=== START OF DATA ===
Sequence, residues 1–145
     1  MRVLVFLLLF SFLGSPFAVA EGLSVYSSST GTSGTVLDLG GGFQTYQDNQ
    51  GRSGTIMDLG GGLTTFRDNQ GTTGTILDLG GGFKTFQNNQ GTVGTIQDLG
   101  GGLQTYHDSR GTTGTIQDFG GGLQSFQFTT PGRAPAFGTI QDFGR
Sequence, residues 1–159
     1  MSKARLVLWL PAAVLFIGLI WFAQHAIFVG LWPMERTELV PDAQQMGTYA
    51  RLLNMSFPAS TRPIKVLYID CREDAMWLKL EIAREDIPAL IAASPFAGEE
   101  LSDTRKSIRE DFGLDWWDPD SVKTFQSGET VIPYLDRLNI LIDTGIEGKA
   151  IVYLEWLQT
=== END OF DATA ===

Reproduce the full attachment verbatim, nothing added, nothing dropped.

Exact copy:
Sequence, residues 1–145
     1  MRVLVFLLLF SFLGSPFAVA EGLSVYSSST GTSGTVLDLG GGFQTYQDNQ
    51  GRSGTIMDLG GGLTTFRDNQ GTTGTILDLG GGFKTFQNNQ GTVGTIQDLG
   101  GGLQTYHDSR GTTGTIQDFG GGLQSFQFTT PGRAPAFGTI QDFGR
Sequence, residues 1–159
     1  MSKARLVLWL PAAVLFIGLI WFAQHAIFVG LWPMERTELV PDAQQMGTYA
    51  RLLNMSFPAS TRPIKVLYID CREDAMWLKL EIAREDIPAL IAASPFAGEE
   101  LSDTRKSIRE DFGLDWWDPD SVKTFQSGET VIPYLDRLNI LIDTGIEGKA
   151  IVYLEWLQT